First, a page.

Interviews: What should the interviewer be doing?

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There are often lots of blog posts online aimed at candidates and helping them secure a new role by giving tips and tricks on how to deliver an outstanding interview, but, what about the people who are actually doing the interviewing? How important is it for you to get it right too?

In our experience, the answer is VERY important. Not only is this a chance for the candidate to sell themselves to you, but also, for you to sell yourself, your company AND your working environment to your next prospective employee. So let’s take a look at some do’s and don’ts to help you achieve the same seamless interview you expect from your candidates.

Time matters

If a candidate is late for an interview, it’s an immediate black mark. But its not uncommon for an interviewer to lose track of time as they get caught up in a meeting, drawn in to office chat or schedule their interviews too close together. Be sure you are ready and waiting for your candidate, it shows them you value their time and you appreciate they have probably switched shifts or booked time off work to attend. it’s hard to preach punctuality unless you practice it.

Preparation is key

Make sure you have pre-read and taken in to the interview a copy of the candidates CV. Knowing a background on your candidate means you can tailor your questions to suit their skills and experience.  You can jot things down, question anything that is unclear and ensure you aren’t confusing them with someone else. There is nothing more off putting to a candidate than an interviewer who hasn’t taken the time to understand their career to date.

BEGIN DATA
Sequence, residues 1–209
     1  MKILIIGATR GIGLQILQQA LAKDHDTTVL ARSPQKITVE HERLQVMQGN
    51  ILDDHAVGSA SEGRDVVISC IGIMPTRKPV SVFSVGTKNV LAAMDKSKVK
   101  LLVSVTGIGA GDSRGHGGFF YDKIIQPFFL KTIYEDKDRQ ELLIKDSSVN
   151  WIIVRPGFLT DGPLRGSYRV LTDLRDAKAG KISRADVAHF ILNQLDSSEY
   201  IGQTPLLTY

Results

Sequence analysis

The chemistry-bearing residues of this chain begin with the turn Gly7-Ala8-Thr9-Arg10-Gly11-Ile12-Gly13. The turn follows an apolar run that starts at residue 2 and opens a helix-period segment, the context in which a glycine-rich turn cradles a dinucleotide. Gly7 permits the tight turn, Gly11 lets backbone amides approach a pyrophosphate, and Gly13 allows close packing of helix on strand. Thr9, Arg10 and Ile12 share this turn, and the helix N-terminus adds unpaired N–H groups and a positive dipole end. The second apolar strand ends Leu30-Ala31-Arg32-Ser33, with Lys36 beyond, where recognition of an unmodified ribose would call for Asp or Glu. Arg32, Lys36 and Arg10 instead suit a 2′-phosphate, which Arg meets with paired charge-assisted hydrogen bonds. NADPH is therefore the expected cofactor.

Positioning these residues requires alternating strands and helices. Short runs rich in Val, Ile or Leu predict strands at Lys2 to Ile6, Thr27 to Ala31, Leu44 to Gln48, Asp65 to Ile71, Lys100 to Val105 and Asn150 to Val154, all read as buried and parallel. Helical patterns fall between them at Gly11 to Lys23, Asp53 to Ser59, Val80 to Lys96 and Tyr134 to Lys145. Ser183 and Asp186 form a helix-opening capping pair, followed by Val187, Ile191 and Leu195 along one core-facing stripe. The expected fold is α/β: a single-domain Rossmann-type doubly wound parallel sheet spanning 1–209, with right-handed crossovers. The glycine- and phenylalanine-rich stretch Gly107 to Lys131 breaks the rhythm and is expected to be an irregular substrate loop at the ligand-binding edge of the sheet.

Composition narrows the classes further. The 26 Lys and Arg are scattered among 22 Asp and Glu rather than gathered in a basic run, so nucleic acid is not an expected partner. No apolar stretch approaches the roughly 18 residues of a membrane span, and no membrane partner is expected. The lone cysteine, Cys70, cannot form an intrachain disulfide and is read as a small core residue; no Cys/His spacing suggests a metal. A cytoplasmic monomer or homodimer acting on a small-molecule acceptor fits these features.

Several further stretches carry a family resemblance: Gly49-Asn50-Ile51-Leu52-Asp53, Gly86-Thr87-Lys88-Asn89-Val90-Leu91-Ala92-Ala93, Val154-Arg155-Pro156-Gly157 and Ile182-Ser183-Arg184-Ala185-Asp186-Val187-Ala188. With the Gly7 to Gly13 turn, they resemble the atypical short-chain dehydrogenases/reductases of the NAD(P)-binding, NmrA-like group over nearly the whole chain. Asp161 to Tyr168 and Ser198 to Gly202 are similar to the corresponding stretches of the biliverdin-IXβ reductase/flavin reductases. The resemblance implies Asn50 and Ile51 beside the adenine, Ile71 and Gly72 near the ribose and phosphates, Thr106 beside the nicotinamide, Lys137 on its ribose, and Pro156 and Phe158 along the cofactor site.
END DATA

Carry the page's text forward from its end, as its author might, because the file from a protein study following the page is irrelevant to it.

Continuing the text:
It’s an interview, not an interrogation

“People buy from people” – we’ve all heard that phrase. Your likeability factor in an interview process WILL have an effect on how the candidate views their future at your company. A friendly, positive and informative interview will leave a much better impression on a candidate than one where they come out feeling like they’ve just had to sit a lie detector test.  It is entirely possible to extract the information you want from a candidate by asking open ended, relevant questions, encouraging them to elaborate on their experience by giving examples and showing a genuine interest in them. It can also be useful to advise candidates BEFORE their interview if you are going to be asking them to demonstrate their experience by providing sales figures, examples of work etc. It avoids putting anyone on the spot and gives them some confidence in knowing the structure of the interview.

Make sure you can answer their questions

Candidates have long been told they must have some questions ready to ask the interviewer when they finish their interview – and they will do. Be it about benefits, holiday allowance, training, progression opportunities or general work/life balance,  make sure you know your stuff and can sell your company in the most honest and positive light you can.

Remember, it’s likely the candidate will be nervous. It’s highly possible you’ll be a little nervous too. So take it back to basics and remember it’s two people meeting who have a mutual interest in working together and just need to relax, talk and hope that connection is made.

For anyone looking to recruit for their team in the wonderful world of Business Travel, please get in touch with Emma or Caroline on the details below. We’d love to hear from you and help you in future recruitment drives – we recruit across the whole of the UK and for ALL job roles within Corporate Travel, Events, Travel Suppliers so please, contact us and we can discuss your needs today. or 

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